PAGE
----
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Get better responses in man-on-the-street interviews

September 20, 2011

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This photo of CTV News reporters in Toronto is by Flickr user Aramil Liadon.

A McClatchy Newspapers story based on “man-on-the-street” interviews with small-business owners nationwide garnered attention recently because of its findings. With help from the chain’s reporters in Kansas City, Miami Herald, Biloxi, Sacramento and Charlotte, national economics correspondent Kevin G. Hall article asked whether excessive regulation and fear of higher taxes discourage small-business owners from hiring, as some have postulated. The answer, at least for this limited sample:

“None of the business owners complained about regulation in their particular industries, and most seemed to welcome it. Some pointed to the lack of regulation in mortgage lending as a principal cause of the financial crisis that brought about the Great Recession of 2007-09 and its grim aftermath.”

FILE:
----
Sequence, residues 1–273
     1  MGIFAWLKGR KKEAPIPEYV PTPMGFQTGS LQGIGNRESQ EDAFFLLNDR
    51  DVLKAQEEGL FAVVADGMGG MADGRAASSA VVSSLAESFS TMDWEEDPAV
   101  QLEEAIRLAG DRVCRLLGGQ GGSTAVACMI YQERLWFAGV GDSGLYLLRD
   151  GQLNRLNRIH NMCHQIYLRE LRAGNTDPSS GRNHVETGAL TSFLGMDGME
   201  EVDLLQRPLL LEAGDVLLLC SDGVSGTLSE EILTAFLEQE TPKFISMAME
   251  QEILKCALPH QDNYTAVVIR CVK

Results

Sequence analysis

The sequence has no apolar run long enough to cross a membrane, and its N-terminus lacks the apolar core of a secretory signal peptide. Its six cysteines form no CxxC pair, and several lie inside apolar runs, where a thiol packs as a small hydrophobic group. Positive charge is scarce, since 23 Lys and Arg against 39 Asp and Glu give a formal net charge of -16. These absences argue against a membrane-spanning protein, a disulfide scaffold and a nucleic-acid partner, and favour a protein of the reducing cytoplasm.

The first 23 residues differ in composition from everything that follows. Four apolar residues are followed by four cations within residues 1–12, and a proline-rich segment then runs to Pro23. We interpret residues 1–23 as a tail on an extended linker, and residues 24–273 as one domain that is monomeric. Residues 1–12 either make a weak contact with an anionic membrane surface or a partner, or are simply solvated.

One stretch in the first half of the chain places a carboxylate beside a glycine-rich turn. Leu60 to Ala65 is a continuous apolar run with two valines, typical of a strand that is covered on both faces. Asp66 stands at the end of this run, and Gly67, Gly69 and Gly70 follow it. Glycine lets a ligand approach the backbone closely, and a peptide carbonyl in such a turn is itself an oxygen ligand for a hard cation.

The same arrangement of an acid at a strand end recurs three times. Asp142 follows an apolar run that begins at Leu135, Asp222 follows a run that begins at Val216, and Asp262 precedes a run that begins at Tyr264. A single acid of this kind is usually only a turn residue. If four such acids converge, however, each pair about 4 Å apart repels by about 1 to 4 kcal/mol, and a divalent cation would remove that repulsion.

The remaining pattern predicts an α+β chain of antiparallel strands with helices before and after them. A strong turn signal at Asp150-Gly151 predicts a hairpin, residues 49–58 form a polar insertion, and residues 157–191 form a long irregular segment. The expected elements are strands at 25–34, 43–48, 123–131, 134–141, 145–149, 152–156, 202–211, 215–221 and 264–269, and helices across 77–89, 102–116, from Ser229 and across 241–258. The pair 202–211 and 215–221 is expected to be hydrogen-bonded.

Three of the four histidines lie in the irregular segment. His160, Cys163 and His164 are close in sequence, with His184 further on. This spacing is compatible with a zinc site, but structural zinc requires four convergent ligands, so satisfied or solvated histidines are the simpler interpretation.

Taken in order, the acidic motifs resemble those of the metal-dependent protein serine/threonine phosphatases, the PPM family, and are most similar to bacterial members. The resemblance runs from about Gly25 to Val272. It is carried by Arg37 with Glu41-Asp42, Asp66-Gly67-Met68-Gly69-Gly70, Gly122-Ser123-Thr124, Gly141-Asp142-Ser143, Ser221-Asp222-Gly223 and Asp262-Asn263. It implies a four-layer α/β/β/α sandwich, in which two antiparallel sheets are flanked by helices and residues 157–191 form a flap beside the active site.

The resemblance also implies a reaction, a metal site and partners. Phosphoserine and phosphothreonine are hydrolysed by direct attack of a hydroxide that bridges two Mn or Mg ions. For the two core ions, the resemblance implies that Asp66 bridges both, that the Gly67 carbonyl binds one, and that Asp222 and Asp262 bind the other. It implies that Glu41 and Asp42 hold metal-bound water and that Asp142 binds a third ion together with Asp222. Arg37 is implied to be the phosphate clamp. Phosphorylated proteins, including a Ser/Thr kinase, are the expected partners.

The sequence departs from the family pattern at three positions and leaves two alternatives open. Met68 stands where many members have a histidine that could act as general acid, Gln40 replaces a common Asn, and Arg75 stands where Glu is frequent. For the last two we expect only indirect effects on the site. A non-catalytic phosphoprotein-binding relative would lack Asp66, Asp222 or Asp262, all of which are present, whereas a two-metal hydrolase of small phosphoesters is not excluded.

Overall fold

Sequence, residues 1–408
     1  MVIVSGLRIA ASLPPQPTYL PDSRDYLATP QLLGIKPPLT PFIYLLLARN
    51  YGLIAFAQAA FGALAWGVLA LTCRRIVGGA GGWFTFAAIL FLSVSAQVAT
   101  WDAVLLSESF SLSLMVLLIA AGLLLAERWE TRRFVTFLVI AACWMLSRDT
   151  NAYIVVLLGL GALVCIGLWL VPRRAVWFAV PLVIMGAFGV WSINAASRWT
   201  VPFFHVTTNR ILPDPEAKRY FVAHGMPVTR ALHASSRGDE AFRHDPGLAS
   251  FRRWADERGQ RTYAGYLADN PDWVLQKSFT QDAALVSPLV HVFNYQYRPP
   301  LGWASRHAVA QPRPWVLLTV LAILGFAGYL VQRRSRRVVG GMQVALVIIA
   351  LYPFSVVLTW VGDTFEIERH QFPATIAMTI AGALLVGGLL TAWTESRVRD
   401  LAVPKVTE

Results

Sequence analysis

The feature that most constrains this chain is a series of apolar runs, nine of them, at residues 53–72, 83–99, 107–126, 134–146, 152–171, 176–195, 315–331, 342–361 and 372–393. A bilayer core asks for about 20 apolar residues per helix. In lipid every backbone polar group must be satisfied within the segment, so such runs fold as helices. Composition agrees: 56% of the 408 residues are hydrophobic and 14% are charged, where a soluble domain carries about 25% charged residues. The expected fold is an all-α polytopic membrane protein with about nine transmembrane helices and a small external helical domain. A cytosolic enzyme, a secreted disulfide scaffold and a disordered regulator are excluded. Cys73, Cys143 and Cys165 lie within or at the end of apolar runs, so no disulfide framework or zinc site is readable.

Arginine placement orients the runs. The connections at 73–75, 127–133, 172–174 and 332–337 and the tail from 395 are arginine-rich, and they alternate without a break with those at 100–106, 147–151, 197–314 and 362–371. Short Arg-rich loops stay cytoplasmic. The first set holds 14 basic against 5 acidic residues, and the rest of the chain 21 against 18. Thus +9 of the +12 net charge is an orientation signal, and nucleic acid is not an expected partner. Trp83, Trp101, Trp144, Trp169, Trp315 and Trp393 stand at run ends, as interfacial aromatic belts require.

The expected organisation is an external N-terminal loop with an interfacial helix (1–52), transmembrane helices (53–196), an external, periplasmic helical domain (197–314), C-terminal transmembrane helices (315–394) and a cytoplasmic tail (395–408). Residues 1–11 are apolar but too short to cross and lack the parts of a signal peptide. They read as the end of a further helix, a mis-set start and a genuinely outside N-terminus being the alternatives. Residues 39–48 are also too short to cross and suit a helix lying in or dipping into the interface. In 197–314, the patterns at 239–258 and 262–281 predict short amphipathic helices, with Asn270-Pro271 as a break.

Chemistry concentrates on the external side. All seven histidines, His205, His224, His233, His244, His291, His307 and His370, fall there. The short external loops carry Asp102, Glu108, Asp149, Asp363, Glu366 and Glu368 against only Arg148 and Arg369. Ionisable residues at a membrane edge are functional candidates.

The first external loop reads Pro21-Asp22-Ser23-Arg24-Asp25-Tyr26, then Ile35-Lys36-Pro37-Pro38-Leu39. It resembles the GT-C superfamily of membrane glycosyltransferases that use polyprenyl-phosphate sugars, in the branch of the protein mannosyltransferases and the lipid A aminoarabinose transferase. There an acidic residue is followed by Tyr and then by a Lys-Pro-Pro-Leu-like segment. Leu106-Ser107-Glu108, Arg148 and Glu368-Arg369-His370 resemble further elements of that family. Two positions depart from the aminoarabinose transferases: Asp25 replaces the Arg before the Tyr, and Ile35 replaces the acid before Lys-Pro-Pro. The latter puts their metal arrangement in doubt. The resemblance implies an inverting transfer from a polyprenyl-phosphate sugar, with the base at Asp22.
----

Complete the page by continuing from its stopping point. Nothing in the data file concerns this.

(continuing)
Kevin G. Hall, national economics correspondent, McClatchy Newspapers
Kevin G. Hall

Today’s Tip: Consider how you frame the question when doing man-on-the-street stories.

“We tried to ask the same question to all businesses we queried, and it was open-ended asking for an explanation. It wasn’t just a yes or no: ‘Are you hurt by regulation?’” Kevin says. “If they say they are hurt by a regulation, then ask for more specifics.”

In one case, asking for more specifics helped the reporters clarify what might have been a “yes” response because the respondent cited an EPA rule that changed 20 years ago.

Here’s another tip on getting better “man-on-the-street” interviews from Cleveland Plain Dealer reporter Janet Cho: “Treat the people you’re talking to as the ‘real’ experts.”


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